Nanotech 2010

Multiscale Modeling of Industrial Emulsions: Fundamentals of Random Chemistry in Polyeolefin Blends and Crude Oil Dispersions (invited presentation)

J.G.E.M. Fraaije, J.-W. Handgraaf, S. McGrother, S. Nath, J. Groenewold
Leiden University, NL

Keywords: multi-scale modeling, industrial emulsions, polyeolefin blends, crude oil dispersions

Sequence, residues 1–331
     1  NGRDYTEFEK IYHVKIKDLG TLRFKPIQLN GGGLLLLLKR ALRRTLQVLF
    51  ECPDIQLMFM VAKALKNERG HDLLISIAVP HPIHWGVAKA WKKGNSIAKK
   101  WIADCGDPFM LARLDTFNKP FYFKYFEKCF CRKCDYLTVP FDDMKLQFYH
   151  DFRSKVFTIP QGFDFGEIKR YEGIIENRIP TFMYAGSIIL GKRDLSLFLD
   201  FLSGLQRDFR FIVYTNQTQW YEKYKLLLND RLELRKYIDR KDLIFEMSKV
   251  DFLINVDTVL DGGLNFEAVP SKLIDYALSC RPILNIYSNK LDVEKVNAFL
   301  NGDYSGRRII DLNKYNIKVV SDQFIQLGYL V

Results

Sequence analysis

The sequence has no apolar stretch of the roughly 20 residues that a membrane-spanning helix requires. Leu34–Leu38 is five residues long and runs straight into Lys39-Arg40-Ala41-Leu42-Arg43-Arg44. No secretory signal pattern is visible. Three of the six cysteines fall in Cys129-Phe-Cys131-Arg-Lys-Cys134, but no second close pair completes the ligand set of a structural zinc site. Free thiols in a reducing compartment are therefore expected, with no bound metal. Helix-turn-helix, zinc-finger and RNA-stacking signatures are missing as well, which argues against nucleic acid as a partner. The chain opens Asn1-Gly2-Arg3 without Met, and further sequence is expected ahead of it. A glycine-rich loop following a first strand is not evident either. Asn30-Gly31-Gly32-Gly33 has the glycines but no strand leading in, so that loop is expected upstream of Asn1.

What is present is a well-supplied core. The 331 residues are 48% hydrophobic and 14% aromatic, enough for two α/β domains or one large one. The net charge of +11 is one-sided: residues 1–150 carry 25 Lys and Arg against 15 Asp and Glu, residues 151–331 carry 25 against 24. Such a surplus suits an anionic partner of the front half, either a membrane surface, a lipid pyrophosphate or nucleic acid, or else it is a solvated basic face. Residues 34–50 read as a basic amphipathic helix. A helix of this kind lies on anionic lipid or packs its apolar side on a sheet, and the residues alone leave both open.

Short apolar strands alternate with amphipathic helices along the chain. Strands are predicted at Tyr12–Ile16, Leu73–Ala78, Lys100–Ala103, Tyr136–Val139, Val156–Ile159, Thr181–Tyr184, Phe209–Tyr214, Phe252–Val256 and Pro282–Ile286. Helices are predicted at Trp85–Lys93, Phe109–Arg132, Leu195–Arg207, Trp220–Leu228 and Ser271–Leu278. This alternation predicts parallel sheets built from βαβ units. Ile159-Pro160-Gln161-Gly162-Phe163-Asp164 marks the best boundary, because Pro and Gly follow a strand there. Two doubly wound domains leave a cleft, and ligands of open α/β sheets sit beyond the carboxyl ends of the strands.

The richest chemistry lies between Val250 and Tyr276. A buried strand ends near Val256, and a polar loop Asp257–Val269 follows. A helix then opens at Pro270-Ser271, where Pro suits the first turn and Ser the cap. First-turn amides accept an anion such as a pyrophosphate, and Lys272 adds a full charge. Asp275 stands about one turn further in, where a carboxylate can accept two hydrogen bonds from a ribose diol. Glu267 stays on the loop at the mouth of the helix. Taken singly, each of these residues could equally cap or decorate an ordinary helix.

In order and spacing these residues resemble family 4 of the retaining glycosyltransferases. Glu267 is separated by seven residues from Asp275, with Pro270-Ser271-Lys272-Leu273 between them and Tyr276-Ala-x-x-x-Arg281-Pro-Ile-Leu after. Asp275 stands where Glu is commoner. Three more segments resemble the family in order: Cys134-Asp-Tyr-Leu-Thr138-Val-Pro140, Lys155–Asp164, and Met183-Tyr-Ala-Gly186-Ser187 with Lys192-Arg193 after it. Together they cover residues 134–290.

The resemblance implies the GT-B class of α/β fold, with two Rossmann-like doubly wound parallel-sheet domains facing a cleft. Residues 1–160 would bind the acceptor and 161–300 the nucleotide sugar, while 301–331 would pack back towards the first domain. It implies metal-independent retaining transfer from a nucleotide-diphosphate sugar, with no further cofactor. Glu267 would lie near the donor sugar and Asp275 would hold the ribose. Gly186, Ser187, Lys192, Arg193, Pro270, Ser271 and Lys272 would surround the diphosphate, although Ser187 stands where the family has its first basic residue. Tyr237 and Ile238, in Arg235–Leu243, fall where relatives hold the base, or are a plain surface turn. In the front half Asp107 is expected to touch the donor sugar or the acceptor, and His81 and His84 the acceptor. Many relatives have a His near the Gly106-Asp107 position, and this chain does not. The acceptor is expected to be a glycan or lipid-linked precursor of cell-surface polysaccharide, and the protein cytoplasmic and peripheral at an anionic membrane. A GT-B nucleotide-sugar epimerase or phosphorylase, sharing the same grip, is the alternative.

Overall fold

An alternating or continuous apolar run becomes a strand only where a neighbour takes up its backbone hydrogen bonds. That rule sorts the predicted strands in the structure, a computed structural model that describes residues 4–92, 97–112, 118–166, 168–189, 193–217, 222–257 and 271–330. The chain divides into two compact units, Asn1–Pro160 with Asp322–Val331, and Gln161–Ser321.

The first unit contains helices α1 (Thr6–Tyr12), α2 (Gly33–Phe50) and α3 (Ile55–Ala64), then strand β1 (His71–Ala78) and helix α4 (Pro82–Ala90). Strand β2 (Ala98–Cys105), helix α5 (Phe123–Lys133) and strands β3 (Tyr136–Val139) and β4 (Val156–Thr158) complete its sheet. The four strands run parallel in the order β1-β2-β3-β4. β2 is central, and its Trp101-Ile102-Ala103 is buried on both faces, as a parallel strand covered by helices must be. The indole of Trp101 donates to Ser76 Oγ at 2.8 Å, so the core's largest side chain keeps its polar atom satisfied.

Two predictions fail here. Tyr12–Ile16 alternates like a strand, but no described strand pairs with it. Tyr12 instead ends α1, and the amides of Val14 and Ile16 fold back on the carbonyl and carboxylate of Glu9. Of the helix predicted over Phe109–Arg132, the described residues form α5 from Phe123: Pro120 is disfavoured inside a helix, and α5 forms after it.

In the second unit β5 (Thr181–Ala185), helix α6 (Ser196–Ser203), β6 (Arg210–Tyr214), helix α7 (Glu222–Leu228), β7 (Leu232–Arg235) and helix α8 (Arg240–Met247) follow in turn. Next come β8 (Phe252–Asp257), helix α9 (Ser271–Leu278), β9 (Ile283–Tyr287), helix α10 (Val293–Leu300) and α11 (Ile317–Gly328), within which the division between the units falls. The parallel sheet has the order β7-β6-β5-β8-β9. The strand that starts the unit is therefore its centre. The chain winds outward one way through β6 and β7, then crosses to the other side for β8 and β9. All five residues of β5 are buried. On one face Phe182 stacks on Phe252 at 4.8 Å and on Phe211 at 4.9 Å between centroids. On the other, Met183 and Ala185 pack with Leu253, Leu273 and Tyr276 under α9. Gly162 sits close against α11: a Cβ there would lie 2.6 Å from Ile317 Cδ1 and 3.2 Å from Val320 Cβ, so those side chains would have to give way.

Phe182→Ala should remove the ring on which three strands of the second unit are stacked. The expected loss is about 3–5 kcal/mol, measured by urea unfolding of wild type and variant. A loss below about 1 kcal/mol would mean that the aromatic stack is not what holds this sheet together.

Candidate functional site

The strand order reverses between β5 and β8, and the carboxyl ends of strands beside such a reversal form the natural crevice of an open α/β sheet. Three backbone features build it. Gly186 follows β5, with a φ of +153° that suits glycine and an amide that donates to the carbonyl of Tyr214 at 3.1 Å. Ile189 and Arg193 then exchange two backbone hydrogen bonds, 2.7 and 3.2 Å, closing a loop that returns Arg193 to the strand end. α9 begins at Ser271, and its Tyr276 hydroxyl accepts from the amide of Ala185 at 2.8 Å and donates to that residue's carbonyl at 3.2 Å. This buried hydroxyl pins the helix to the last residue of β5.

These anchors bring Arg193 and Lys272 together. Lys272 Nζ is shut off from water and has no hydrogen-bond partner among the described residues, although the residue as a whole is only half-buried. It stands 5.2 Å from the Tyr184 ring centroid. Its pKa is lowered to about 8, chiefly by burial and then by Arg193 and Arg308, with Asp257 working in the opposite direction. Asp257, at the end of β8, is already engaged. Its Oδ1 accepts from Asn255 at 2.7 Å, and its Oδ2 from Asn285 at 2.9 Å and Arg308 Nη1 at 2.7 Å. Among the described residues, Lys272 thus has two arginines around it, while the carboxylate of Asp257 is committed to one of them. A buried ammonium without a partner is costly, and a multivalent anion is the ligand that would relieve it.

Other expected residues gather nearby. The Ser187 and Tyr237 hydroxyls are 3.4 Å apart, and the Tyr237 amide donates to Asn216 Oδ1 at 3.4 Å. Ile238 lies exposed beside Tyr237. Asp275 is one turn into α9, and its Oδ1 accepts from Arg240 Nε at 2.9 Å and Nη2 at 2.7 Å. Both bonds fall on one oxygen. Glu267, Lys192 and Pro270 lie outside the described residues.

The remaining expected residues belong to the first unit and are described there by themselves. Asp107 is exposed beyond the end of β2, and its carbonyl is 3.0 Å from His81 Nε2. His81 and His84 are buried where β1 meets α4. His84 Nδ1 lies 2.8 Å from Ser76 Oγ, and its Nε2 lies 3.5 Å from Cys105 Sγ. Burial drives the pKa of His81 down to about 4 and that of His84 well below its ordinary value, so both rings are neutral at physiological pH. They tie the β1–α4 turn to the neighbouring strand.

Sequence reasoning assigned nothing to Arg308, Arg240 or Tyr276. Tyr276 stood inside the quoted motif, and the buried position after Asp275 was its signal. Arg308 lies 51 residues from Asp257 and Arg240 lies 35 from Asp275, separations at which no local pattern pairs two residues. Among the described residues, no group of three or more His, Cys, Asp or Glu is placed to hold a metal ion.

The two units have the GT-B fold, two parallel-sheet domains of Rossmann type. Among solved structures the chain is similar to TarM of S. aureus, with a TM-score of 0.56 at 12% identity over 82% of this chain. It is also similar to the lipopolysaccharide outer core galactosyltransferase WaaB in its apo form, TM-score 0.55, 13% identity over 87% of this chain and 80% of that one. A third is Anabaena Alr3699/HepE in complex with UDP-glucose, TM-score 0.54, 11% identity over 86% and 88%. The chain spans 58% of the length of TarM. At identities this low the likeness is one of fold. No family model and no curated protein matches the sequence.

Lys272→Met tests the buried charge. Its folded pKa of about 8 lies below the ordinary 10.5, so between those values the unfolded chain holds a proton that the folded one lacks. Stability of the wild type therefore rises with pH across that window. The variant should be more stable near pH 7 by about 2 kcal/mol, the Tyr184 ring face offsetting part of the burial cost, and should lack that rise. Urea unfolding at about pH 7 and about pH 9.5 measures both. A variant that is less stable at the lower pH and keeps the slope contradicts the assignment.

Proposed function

Emulsions are at the heart of many a soft material of practical industrial interest; one finds them in such frivolous systems as ice-creams, but also in food and cosmetics and, as we discuss here, in high performance plastics and crude oils. What is the same in all these systems is the enormous diversity in chemical signatures of the constituent chemicals. Such ?random chemistry? is commonly overlooked in simulation and modeling, due to the seemingly impenetrable complexity, but the inevitable randomness has very serious consequences for morphology and stability, foremost the formation of compound core-shell structures in which layers of molecules produce, what could best be described as, ?gradient droplets?. We have studied such behaviors for two materials of industrial relevance: reactor blends of Poly Ethylene and Poly Propylene and asphaltene emulsions in crude oils. By way of multiscale modeling, including scales from molecular to mesoscopic, we discovered a common thermodynamic footing of these very different systems, that may be of interest to many more industrial emulsions. In particular, the analysis suggest that core-shell structures should be the rule, not the exception, with in-droplet phase separation into a at least a few phases. Conditions apply where the core shell structures are spherically symmetric, or of broken symmetry wit buds and lens formation. The new insight immediately leads to alternative rational design strategies for emulsion modifiers, that are meant to stabilize or inversely break the emulsion systems. All simulations are with the novel CULGI (Chemistry Unified Language Interface) scripted software library, that was designed especially for industrial multiscale modeling. The Culgi consortium is sponsored by a number of companies and EU projects, including Nanomodel (Nanocomposites) and Selfmem (Membranes).
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